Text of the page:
- Test and test again – Making sure your content is right is a top priority. Copy and creative are both important, but making sure messaging delivers on your business objectives is equally important. Delivering compelling content relies on A/B testing tied to success metrics for the specific target audience, no matter what channel you’re delivering it in. And don’t just test the creative, test the time of day and frequency too.
- Plot the journey – The journey doesn’t end with a notification. Plan for what you want the user to do next. It’s one thing to entice them to click and another thing to have them click thru to an irrelevant location. Ensure you get your users to the intended goal.
Winning Over Advertisers
Thanks to the powers of personalization and automation, push notifications can be a successful revenue source for publishers. Since all subscriber behavior is monitored, segmentation is that much easier. In building your push notification subscriber database, you’re building a database of loyal visitors who signed up because they don’t want to miss anything their trusted publisher has to share.
A publisher can personalize push notifications that tie back to browsing history, allowing for each user to have a customized experience akin to what DTC brands offer their customers. And with mobile devices in play there’s the added benefit of geolocation data in the mix.
Once a publisher has a robust database in place, they can leverage users’ preferences, interests and behaviors to advertisers’ messaging in the form of custom-curated ads native to the publisher’s platform—with a high likelihood that they’ll be acted upon. They’ll also receive higher visibility than web ads, since every push subscriber sees them. And when monetized through a push notification ad network, those views will generate over $5 RPM with 1.4% CTR compared to just .05% CTR for display.
Although you’re building a separate database for push subscribers, you also have the opportunity to bring other user data out of their silos and merge them to better connect the dots. Say you sent a push notification that someone doesn’t act upon, you can then tie that information back to their unique ID—their email address—allowing you to send them a follow-up email or vice versa. Targeting with push notifications is extremely more effective because you’re not relying on cookies or browser data—just a known user profile.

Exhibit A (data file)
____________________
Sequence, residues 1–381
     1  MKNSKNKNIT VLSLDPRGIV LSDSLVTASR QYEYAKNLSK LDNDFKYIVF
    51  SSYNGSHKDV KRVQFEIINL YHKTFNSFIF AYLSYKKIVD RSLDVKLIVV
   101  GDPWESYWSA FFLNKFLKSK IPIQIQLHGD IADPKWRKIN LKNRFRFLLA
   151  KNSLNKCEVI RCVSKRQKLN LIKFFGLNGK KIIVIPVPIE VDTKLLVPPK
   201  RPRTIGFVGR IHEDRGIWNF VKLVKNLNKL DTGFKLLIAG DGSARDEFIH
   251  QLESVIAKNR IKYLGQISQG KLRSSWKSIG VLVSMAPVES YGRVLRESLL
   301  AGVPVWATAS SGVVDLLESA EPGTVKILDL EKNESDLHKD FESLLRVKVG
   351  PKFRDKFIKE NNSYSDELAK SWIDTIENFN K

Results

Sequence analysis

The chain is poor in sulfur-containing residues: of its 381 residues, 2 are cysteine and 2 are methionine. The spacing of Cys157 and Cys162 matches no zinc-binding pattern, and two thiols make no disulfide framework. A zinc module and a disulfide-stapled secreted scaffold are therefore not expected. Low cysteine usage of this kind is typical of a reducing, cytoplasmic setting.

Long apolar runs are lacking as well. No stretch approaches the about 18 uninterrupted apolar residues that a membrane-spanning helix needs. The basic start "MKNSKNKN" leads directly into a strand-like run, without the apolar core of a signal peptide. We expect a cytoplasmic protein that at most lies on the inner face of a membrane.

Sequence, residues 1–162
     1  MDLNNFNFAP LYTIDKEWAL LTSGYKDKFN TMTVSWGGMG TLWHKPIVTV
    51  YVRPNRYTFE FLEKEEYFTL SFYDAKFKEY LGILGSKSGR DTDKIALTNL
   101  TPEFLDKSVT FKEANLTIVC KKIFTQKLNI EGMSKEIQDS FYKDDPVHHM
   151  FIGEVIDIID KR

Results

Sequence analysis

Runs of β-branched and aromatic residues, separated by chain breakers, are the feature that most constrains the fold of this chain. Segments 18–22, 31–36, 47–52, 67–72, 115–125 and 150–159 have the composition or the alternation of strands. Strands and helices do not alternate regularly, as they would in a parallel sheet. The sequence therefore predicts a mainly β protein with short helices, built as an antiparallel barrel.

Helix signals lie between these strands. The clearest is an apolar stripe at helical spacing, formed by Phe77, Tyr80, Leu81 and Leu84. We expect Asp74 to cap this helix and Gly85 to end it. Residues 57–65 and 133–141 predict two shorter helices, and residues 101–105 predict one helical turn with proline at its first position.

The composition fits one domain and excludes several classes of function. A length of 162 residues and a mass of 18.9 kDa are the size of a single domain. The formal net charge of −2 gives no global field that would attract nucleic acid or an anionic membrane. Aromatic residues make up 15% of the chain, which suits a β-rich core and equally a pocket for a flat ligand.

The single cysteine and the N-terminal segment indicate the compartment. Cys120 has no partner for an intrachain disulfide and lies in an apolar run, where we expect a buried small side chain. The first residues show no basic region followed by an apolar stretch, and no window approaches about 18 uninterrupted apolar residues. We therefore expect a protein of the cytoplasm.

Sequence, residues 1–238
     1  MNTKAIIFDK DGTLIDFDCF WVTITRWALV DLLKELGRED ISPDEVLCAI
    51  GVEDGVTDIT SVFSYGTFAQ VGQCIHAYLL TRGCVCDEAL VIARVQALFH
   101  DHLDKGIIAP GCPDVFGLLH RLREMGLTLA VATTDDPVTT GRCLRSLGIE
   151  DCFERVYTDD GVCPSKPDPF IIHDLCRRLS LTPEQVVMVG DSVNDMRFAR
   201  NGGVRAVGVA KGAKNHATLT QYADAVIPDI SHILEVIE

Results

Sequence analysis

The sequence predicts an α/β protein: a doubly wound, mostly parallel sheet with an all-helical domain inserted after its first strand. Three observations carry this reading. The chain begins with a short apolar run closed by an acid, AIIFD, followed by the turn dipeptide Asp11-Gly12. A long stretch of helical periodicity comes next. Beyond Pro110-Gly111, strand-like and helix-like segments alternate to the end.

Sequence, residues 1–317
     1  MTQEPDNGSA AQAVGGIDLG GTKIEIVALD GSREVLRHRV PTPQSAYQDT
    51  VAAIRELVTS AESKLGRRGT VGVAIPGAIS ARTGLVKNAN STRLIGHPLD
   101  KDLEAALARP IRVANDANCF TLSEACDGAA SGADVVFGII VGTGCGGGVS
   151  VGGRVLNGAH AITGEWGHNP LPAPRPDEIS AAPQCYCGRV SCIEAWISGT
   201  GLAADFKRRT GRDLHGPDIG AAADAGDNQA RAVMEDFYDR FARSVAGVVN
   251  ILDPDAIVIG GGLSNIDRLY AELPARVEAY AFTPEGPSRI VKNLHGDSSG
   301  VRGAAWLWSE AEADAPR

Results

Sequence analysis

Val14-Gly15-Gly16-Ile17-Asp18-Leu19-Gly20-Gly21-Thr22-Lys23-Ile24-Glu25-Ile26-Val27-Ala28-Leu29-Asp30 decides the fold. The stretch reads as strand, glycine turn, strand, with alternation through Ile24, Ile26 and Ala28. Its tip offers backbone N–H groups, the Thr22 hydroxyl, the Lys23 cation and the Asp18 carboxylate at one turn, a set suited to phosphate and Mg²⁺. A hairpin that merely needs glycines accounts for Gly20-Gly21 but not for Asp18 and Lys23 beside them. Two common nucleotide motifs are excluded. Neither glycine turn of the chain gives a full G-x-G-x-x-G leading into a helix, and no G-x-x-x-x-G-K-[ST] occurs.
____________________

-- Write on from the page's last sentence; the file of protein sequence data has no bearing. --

And since no two people are alike, push notifications are not a set-it-and-forget-it kind of scenario. You’ll need to set up the right automation parameters to ensure detection of which subscriber has done what and when so that you can make their experience more specific and customized to them. Think of it like each subscriber getting their own microsite to visit. Automation also enables cross-channel communication, so that you’re delivering the right content at the right time on the right device.
Given the many choices that consumers have for content nowadays, owning audiences and keeping them engaged is a magical feat. But it’s not entirely impossible. Utilizing context as a driver tied to a unique profile can empower a publisher to distribute engaging content that keeps their fans coming back for more. They can also provide advertisers with that direct connection to audiences that they so crave, just like what the DTC brands have been able to accomplish.
This is the third article written in a series with the support of PowerInbox: